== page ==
There have been two hyper-productive days of work on the server in the past week. It’s pretty much set and as good as I can make it. Now I just have to wait a week to see if LetsEncrypt will auto-renew the SSL certificate like it used to or if it’s still broken. 🤞

Software upgrade deferred

WordPress 5.3 came out a couple of months ago and PHP 7.4 came out last month, but the server won’t be getting updated to those just yet. It’s always safer to defer updating things for a while since updates often have unintended problems (Microsoft has certainly proven that with Windows 10 in the past few years). Since developers don’t seem to bother doing testing anymore, it’s better to wait until other people play guinea-pig before upgrading. (Also, PHP 7.4 doesnt’ seem to be available in the Pi/Buster repository yet and I”m not inclined to use third-party repositories anymore.)

The server is (more or less) stable right now and changing things almost always reduces that, so as they say, if it ain’t broke, don’t fix it.

Server upgraded

The server was getting very unstable recently; it would drop the WiFi connection frequently and boot-loop and was just getting overloaded (it’s not just Windows that gets “Winrot”).

I was worried it was a hardware problem, but before getting a replacement, I held out hope that it was just software. I figured I’d “kill three birds” with one install, and both stabilize it and upgrade to Buster by starting over from scratch. That meant getting a list of installed packages, and compiling a list of configuration files and settings to be reset, which was a pain, but still easier than the daunting, Herculean task of reinstalling Windows 7 (or *bite my tongue!* upgrading to Windows 10). The third bird was to swap out the microSD card the Orange Pi was running from with a new higher-speed class A1 card which was conveniently on sale at Best Buy at the time.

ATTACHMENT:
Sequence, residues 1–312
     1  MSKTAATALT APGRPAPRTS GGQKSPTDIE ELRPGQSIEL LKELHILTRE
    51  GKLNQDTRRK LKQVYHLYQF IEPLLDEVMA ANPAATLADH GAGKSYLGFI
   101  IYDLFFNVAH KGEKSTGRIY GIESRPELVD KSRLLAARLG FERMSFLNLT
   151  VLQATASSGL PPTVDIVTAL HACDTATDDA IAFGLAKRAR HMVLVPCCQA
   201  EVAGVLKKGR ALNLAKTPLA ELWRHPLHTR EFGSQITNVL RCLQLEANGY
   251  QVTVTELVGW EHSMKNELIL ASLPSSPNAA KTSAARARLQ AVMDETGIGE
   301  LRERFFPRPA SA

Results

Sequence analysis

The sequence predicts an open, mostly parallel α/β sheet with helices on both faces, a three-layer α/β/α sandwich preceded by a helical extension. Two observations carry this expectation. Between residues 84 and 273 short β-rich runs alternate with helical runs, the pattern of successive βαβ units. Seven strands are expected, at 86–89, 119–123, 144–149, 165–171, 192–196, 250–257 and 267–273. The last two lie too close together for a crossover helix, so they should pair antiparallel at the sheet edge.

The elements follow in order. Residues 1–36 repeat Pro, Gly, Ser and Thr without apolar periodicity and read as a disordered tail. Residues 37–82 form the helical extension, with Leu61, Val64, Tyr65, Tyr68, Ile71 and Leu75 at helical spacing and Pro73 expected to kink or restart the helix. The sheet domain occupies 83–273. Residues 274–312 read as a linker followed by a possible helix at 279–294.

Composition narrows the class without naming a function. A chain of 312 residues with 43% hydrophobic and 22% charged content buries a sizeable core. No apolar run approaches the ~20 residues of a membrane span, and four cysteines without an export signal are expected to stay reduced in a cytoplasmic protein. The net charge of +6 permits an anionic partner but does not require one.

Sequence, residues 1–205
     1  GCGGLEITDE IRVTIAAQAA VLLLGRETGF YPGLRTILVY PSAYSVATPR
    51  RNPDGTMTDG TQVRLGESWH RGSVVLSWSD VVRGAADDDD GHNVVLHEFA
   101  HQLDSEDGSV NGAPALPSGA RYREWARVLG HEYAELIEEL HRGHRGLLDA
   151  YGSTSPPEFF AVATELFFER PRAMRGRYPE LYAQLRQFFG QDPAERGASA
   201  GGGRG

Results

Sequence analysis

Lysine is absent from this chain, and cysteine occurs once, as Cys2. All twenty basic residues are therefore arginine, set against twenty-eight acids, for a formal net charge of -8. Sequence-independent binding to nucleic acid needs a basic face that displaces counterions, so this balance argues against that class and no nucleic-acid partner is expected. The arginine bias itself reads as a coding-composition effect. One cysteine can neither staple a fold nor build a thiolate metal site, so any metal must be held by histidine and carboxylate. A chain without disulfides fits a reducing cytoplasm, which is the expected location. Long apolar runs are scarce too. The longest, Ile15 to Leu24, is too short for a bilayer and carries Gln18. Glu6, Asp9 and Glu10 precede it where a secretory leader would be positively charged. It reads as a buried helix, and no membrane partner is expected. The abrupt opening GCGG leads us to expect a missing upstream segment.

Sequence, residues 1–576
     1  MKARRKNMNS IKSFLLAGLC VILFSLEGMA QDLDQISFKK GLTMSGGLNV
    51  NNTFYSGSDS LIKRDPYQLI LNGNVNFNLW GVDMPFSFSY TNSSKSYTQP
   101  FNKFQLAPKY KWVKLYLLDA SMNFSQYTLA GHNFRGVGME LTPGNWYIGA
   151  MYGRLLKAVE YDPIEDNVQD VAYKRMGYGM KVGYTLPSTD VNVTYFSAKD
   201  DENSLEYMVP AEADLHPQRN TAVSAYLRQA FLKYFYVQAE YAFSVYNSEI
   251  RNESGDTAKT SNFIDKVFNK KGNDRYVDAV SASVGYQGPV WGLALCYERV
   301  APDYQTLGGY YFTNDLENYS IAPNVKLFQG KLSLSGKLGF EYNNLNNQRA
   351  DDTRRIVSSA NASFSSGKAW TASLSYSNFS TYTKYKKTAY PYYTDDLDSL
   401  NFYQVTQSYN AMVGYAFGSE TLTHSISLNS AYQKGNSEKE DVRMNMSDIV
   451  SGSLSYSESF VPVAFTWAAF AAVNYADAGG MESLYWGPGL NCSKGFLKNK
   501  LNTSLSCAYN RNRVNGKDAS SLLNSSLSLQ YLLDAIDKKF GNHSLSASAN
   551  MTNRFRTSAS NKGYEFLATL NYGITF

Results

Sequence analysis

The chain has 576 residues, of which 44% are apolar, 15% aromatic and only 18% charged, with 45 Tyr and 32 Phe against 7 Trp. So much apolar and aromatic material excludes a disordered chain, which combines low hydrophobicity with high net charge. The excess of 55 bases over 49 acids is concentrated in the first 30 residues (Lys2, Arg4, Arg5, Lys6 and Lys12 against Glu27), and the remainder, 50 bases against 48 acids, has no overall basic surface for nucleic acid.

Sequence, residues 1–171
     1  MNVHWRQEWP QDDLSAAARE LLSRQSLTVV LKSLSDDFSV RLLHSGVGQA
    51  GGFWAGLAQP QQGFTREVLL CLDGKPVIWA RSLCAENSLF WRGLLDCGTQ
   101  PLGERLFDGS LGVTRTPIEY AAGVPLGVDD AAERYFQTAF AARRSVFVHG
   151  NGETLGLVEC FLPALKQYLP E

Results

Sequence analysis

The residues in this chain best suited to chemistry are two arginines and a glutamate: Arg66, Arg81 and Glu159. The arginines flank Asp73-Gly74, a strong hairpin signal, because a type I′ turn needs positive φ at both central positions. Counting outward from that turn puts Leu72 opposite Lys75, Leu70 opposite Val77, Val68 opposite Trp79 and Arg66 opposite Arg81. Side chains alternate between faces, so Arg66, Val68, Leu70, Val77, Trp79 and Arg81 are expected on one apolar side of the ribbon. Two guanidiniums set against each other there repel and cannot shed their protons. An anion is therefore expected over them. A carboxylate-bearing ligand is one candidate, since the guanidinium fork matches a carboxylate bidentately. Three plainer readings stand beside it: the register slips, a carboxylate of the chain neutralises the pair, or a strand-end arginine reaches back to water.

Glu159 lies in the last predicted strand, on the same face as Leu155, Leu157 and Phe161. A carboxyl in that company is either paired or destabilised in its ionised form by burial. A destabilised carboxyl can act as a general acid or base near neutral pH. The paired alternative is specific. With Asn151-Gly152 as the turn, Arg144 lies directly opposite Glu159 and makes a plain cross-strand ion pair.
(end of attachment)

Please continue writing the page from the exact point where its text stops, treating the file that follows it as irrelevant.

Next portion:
Burning a copy of Armbian Buster to the card was quick (the card was rated for 130MBps read, but didn’t mention its write speed, but it must be at least decent 🤷). The Pi booted from it just fine and the WiFi connection was stable. I began installing the packages, but decided to keep it lean and install only the ones necessary to run the server; all the other stuff was ditched since I wouldn’t be using them anyway.

Unfortunately, things started going south. The WiFi connection started having problems, the packages started getting messed up, and migrating the settings wasn’t going smoothly.

I started over again. (And wasted a bunch of write-cycles on the memory-card. :-\)

I re-burned the Armbian image to the card, then took it slow. I tried to reboot after each step and leave it for a bit and check if things fail. I also trimmed down what I migrated from the backed-up installation, and minimized the changes from the base install.

It took the entire weekend (according to my daily log, about 25.5 hours!), but in the end, the server was up and running on Buster, smaller, faster, and more stable than before. 👍

Now I only need to wait for a while until I can convince myself to delete the backup and free up a few gigabytes.